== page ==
Teachers We Admire: An Interview With Ginger Brown

We are delighted to speak with Ginger Brown. In this interview, Ginger shares great ideas for inclusive classrooms.

Ginger Brown was a pre-school Teacher of the Visually Impaired for Santa Clara County Office of Education for over 30 years. She facilitated inclusion of her students in the Head Start program, served as a mentor teacher for pre-school programs, and was a consultant for the State of California Department of Education in support of Early Childhood Students who are Visually Impaired. She was named as a California Teacher of the Year in 1998.

You have taught both preschool and graduate programs for the visually impaired. What are the pressing accessibility needs in education today?

Ginger: For preschool, accessibility means equity vs equality. Preschoolers with visual impairments need to have a range of opportunities for inclusion. Too many inclusive programs are more of a bandaid rather than a general approach that benefits all preschoolers with or without disabilities. Teaching strategies that make the curriculum accessible also makes the learning accessible to the entire class, and there needs to be an integrated approach that benefits both groups.

By the time they reach the university level, students with visual impairments have hopefully learned the techniques that will make accessibility apply to their individual needs, and can then advocate for adaptations and modifications for themselves.

When I taught teachers, I tried to emphasize the need for a wide approach to inclusion, and not to overly emphasize one group from another.

What types of activities and learning did you have in your dually enrolled preschool classroom?

Ginger: My public preschool classroom was dually enrolled. As a public preschool, we had 18 students 4 days a week and development of social skills was a high priority. On the fifth day when the preschool was not in session, our students developed technical skills such as Braille. We also did activities not ordinarily offered in the inclusion classroom such as cooking activities and field trips.

What tools and resources did you use in your classroom?

Ginger: I used the state standardized preschool curriculum to prepare the kids to be successful in kindergarten. My class was focused on any and all modifications necessary for each individual student. We had Braille and tactile books, our technology had visual, auditory, and tactile aspects. Our art materials were all high contrast multicolored and textured. At circle time I used all sorts of objects to make the lessons meaningful. For example, in October I used real pumpkins that we picked on a field trip when we sang about them.

We hear the terms inclusive learning and universal design for learning used frequently. Can you give us some examples that you have seen in your career?

Ginger: At snack time, my low vision students were given contrasting placemats and cups to help them distinguish among different utensils. The program decided to give contrasting objects to all of the students, impaired or not, with the objective of not making individual students stand out.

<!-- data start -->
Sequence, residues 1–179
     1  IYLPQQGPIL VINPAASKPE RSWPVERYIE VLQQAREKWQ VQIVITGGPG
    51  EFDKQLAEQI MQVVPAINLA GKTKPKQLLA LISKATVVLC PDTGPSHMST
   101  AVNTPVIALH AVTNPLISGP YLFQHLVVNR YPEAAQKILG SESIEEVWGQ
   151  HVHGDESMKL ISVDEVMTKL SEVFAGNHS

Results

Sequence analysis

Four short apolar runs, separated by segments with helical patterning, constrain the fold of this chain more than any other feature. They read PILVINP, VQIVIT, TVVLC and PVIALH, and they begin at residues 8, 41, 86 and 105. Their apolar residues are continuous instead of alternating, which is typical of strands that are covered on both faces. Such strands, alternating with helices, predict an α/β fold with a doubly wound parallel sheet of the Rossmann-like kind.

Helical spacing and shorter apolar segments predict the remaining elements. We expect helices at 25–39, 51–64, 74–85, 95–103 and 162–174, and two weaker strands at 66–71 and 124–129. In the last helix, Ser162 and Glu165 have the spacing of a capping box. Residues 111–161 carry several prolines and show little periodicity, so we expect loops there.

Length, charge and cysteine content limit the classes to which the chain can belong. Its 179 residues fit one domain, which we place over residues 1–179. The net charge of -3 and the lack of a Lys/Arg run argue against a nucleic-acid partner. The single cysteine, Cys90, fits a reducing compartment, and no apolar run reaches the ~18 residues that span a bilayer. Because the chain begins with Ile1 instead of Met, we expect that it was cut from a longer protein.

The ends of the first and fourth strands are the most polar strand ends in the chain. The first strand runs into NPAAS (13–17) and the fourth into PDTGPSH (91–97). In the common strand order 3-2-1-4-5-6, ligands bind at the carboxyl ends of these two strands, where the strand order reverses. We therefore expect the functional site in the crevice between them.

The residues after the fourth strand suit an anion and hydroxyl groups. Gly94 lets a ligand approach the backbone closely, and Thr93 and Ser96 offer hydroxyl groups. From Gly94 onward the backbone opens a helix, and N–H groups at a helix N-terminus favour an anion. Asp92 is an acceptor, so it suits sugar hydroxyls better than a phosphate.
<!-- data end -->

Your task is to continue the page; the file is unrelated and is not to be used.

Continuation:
We kept a box of stickers in the classroom that we used for art projects and special occasions. We added raised happy face stickers to the box to make them widely accessible.

Every student in our classroom had their names printed in both Braille and regular print on their name tags. We added Braille labels to anything that had print, including keyboards, cubbies, or classroom signs.

We put adaptive scissors into our scissor container. They’re easy to use when leaning to cut, and many students chose to use them.

At recess, we had several double bikes that were a major hit with all the students. Even a student with visual impairments could take a turn being the leader on a double bike with verbal shouts from their partner. We had to limit the minutes on these bikes so everyone got a turn.

Once a week we provided an obstacle course that included a balance beam, a crawl through tunnel, stepping stones and balance boards. All our students benefited from the activities and loved the physical challenges they presented.

What topics did you cover in your training workshops for teachers? What resources are available for teachers to improve their knowledge in their field?

Ginger: The federal and state government requires standardized testing for all preschoolers. I actually loved the testing because I could see where I needed to focus my teaching so students would be ready for kindergarten. So when I presented teacher training, I was one of the state representatives for training teachers on DRDP, the Desired Results Developmental Profile.

Also, I trained teachers on how to construct and manage inclusive classrooms.

There are so many resources and blogs now available on websites for teachers to stay current on best practices. This year, the CTEBVI, California Transcribers Educators for Blind and Visually Impaired Conference is free and virtual, April 15-17th. Registration is at Ctevh.org.

You were recognized as California State Teacher of the Year. Tell us more about the award and your work.